The complicated: While growth and (trade) policies to promote growth are imported perhaps, controversially, growth can be over-rated. Growth is not an end in and of itself, but a means to having a better society, and I would argue, a more equitable society. Growth should be there not just for a few individuals or countries but for everyone. It is what we do with growth that matters, as opposed to just having growth.
As with growth, trade is not an end but a means. Policymakers need to be clear about what those ends are both in the short term and in the long run and to consider whether government intervention is even needed. All policy involves trade-offs, governments intervene on efficiency grounds to increase growth; on equity grounds to address distributional issues, and increasingly for economic security. Achieving all three is difficult and balance is needed. Trade policy by its very nature is also about relations with other countries and that means it requires cooperation and coordination, which is increasingly hard to achieve, and overlaps with foreign policy and hence why trade policy is complicated.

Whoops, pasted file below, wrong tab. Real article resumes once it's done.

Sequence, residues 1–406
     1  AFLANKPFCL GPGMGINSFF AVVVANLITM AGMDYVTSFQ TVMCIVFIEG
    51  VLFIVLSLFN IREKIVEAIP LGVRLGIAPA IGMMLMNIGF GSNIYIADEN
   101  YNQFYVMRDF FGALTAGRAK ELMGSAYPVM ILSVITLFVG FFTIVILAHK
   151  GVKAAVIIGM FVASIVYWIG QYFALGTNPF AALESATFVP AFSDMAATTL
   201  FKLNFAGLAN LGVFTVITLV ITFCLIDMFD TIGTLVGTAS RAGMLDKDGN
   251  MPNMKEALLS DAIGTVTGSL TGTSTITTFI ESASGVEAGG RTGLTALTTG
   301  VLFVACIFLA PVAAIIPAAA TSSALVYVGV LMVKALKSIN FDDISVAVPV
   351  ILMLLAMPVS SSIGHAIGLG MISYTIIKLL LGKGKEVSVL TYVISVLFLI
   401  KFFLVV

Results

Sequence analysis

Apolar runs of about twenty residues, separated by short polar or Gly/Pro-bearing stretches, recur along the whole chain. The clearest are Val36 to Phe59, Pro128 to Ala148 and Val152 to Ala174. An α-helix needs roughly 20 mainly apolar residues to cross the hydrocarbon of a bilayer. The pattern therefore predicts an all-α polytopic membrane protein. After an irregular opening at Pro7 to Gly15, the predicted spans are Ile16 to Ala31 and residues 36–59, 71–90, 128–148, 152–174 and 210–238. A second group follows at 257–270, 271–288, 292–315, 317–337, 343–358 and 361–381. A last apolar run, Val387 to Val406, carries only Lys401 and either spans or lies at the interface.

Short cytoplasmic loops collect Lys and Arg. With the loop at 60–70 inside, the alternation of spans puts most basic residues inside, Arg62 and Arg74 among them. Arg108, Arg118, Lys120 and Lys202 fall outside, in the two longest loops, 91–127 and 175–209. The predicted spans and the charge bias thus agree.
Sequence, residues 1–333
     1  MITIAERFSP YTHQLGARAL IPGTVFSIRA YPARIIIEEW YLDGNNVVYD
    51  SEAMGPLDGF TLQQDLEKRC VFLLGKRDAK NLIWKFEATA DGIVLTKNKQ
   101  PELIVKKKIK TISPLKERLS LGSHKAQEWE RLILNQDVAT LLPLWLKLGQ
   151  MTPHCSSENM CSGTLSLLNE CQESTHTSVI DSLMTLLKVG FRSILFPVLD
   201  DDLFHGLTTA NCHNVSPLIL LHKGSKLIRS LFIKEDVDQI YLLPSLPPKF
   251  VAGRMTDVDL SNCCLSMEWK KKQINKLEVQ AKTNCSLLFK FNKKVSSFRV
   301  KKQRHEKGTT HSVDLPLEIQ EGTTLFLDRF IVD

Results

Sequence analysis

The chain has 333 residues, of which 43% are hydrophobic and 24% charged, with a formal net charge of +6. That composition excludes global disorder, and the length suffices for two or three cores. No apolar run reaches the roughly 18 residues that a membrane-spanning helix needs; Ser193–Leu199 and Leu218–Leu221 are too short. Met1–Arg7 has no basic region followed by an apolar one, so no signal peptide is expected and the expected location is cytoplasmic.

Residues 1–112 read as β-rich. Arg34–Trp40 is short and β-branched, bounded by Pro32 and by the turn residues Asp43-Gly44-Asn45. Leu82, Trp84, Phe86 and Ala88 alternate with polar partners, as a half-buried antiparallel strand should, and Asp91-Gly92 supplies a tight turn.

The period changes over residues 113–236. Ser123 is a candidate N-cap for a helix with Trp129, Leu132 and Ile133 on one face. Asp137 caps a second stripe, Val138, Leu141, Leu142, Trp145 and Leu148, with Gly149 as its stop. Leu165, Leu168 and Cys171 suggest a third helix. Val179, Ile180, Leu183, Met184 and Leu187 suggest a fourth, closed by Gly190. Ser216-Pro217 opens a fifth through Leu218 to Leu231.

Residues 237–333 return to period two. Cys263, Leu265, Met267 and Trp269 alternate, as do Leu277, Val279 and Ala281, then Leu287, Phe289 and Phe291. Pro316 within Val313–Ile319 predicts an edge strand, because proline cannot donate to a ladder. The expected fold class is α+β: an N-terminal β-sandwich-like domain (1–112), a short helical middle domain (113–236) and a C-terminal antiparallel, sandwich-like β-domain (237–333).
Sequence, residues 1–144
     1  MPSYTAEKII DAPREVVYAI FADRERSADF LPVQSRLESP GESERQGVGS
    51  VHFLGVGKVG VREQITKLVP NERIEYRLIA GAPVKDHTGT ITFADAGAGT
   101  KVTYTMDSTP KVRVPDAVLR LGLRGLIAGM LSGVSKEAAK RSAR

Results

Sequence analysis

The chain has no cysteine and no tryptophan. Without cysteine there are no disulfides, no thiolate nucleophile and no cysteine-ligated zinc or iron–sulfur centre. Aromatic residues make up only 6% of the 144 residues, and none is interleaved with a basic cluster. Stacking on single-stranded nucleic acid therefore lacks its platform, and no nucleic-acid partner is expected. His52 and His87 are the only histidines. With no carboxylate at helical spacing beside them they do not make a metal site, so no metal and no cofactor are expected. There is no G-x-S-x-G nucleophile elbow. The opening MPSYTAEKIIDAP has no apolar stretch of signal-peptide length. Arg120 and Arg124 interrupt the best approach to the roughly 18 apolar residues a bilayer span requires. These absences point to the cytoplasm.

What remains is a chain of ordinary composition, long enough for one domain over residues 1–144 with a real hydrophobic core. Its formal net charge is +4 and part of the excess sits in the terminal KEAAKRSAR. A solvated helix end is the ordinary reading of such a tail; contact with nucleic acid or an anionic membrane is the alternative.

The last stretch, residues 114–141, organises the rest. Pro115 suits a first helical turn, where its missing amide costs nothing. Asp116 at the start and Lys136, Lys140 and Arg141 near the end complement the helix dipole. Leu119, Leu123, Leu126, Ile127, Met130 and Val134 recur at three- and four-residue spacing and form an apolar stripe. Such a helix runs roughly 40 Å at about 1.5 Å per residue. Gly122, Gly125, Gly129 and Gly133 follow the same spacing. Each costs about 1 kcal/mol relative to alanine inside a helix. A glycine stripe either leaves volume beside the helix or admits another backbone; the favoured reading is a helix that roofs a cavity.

Trade, and investment liberalisation, have led to much more interconnectedness between countries, and have contributed to peace and prosperity and the sharing of values. But there are limits to the sharing of values across countries. The challenge is how to manage this while meeting the objectives of efficiency, equity and economic security. We may need smart domestic policy interventions but not knee-jerk reactions, and we need long-term planning. In so doing this should consider more carefully the impact of trade and interconnectedness on people and regions. We need to be more inclusive. We also need to think of trade rules that minimise conflict, and how these can be enforced. At the moment this seems difficult. The world trading system has been based for many years on multilateral processes. But we are moving into a world which is more plurilateral with groups of countries agreeing on narrow areas of focus. It is important not simply that this does not further undermine the multilateral system, but that we work towards rebuilding an effective multilateral system which has served us well over the past 60-70 years.
Perhaps most importantly, we need to remember that both growth and trade are but a means to an end, and so policymakers need to be clear about what society wants and how to achieve it.
This blog is based on a talk at the University of Sussex on 3 July 2023.